When distal portion 104 has been positioned in the desired location in the disc space, connector 128 is engaged with a T-handle or other tool and rotated to distally and axially advance inner shaft 124. This distally displaces actuating member 152 and separates first and second members 106, 108 to provide the desired distraction. Actuating member 152 is positioned along the portion of first and second members 106, 108 that are positioned in the disc space. Thus cantilevering of the portions of first and second members 106, 108 distally of actuating member 152 is minimized, providing uniform separation of the adjacent vertebrae along the length of first and second members 106, 108. The desired distraction can be predetermined, and measured during the procedure by distraction indicator 132. Alternatively or additionally, first and second members 106, 108 are expanded to tension the annulus fibers to firmly seat instrument 100 against the adjacent vertebral endplate in the intervertebral disc space.
The distraction height is measured, and if acceptable, disc preparation tools, such as one of chisel instruments discussed above, are positioned adjacent one of the first and second members 106, 108 and advanced distally therealong to prepare the disc space and adjacent vertebrae for insertion of an implant. The engagement of first and second members 106, 108 with the vertebral endplates and precise control over the distraction distance provided by instrument 100 allows the cuts made by the chisel to be uniform and precisely controlled. If additional surgical preparation of the disc space or vertebrae is desired, surgical tools not guided by first and second members 106, 108 may be employed with distal portion inserted in the space or removed therefrom.
The chisels discussed herein provide a variety of chiseling patterns that may be employed by the surgeon during the surgical procedure. One exemplary chiseling pattern includes driving keel blade 420 of keel chisel 400 into either the superior or the inferior vertebral body. The chisel handle can be removed, temporarily leaving keel blade 420 in the vertebral body to control bleeding and to improve surgical visibility. Either a keel chisel 400 or a combination keel/corner chisel 300 is then driven into the opposite vertebral body. If only a keel chisel 400 is employed initially in the opposite vertebral body, it can be followed by a corner chisel 500. The handles of the one or more chisels in the opposite vertebral body can then be removed to facilitate visualization and access to the first vertebral body. Finally, a corner chisel 500 can be driven into first vertebral body where keel chisel 400 is maintained. All chisels are then removed.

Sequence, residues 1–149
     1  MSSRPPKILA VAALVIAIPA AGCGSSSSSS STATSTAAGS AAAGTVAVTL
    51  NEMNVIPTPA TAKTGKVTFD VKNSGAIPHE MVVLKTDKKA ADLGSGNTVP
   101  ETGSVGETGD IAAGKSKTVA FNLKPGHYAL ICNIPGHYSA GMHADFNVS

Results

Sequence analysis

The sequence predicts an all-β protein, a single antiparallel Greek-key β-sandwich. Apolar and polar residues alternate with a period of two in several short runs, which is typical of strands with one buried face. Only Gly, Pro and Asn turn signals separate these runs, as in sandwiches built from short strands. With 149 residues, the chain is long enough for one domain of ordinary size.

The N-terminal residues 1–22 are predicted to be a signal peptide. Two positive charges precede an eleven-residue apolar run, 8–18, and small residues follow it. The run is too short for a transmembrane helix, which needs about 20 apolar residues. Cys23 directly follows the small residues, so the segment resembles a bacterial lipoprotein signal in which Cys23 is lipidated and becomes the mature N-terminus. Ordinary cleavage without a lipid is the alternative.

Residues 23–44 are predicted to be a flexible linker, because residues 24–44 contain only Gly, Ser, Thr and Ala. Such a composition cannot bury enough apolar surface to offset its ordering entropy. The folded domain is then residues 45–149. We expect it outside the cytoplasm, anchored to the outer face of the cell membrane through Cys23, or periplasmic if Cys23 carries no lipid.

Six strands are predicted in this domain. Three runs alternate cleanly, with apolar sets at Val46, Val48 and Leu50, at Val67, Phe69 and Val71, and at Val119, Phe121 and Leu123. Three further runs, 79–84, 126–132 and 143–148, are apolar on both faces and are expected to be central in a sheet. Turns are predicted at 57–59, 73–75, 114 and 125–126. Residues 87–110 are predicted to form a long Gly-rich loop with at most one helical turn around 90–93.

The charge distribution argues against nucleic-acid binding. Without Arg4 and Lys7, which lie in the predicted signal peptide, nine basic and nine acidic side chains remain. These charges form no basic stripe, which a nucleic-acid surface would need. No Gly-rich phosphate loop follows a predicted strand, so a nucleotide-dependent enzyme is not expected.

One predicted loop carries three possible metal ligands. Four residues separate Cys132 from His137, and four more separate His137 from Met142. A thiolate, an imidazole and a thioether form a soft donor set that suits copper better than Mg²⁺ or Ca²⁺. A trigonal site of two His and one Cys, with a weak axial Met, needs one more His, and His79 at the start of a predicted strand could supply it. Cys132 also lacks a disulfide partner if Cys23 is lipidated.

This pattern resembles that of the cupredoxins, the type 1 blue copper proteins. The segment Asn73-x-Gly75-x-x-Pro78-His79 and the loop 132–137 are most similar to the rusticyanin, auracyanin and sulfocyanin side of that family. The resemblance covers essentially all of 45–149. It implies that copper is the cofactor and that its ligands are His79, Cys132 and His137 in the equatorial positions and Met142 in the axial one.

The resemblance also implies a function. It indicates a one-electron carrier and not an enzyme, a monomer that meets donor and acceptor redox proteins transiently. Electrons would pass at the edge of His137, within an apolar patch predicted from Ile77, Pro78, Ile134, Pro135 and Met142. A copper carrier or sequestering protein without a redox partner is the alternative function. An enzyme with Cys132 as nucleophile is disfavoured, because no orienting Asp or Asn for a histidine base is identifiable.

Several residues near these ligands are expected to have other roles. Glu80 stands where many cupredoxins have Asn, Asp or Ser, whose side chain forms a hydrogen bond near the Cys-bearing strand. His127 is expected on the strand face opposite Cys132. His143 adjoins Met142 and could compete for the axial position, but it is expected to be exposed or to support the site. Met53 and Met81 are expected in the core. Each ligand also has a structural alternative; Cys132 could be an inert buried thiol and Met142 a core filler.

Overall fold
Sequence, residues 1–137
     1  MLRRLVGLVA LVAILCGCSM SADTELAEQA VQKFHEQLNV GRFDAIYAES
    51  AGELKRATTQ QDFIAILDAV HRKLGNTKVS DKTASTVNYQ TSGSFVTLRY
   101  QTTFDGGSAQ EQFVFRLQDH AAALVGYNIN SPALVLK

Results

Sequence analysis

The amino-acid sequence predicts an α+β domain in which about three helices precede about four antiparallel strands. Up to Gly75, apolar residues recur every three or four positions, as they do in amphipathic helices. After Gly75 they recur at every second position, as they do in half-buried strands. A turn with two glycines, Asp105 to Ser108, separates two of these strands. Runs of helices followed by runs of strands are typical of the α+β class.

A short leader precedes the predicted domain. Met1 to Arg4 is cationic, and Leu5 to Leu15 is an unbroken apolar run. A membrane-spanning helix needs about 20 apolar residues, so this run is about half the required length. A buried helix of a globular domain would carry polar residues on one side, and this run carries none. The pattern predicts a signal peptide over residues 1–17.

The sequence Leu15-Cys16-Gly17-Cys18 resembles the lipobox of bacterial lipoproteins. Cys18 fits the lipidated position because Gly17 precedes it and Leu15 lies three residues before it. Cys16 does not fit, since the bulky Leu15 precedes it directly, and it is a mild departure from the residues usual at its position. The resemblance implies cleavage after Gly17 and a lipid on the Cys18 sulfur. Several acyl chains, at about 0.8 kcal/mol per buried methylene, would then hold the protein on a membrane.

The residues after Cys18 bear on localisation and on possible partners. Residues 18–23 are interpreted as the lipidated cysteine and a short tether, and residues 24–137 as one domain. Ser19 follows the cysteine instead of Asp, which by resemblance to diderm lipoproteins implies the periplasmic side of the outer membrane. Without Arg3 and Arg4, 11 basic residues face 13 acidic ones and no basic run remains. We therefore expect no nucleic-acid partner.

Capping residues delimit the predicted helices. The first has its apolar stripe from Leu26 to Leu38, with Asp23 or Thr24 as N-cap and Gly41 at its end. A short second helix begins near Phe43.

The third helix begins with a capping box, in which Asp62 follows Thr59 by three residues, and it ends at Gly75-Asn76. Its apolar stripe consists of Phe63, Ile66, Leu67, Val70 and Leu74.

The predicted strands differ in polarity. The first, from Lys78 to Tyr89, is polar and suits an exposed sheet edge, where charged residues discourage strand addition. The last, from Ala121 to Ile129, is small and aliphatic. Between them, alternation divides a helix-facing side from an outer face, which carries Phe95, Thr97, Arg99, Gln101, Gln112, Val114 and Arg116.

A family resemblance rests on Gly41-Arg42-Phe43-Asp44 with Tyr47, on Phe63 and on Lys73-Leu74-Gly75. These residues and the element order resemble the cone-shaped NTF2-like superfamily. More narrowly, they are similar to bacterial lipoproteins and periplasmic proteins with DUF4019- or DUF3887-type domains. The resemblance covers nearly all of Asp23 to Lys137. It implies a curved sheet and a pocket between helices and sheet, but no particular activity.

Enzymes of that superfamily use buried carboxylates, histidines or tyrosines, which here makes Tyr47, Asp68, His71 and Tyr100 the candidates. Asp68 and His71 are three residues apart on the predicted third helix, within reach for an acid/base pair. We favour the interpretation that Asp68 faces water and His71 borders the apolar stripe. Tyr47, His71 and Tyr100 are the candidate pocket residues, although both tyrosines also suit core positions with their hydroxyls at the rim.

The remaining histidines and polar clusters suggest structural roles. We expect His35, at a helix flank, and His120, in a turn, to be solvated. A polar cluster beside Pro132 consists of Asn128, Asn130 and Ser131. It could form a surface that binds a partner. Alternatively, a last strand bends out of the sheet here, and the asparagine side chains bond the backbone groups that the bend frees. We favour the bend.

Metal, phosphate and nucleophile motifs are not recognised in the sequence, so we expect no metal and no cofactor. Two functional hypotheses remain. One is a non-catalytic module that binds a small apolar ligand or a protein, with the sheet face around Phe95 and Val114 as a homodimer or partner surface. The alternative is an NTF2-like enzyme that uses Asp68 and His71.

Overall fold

After the all the chisels have been removed, first and second members 106, 108 are moved toward their unexpanded configuration and distal portion 104 of instrument 100 is removed from the disc space. One or more shims or other temporary distractor(s) may be positioned between the adjacent vertebral bodies prior to removal of instrument 100 to maintain distraction while the spinal implant is inserted in the disc space. The implant can include upper and lower portions that fit within the spaces in the adjacent vertebral body provided by removal of the bone material with the chisels. The implant is then impacted into the prepared site and the shims or other temporary distractors are removed if employed.
Instrument 100 allows the lateral surgical exposure during the preparation of the disc space and vertebral bodies to be maintained at exactly or nearly exactly the width of the prosthesis being implanted. Actuating member 152 includes a width so that it is contained within first and second member 106, 108. The corner chisel cuts, which can correspond to the outer lateral perimeter of the prosthesis, are provided by the corner chisel blades. First and second members 106, 108 can be provided with a width that is substantially equal to or slightly less than the width of the spinal implant, thus a larger surgical exposure is not required for insertion first and second members 106, 108 than is required for insertion of the implant. However, while additional lateral exposure beyond that dictated by the implant size is not necessary, it may be employed if desired.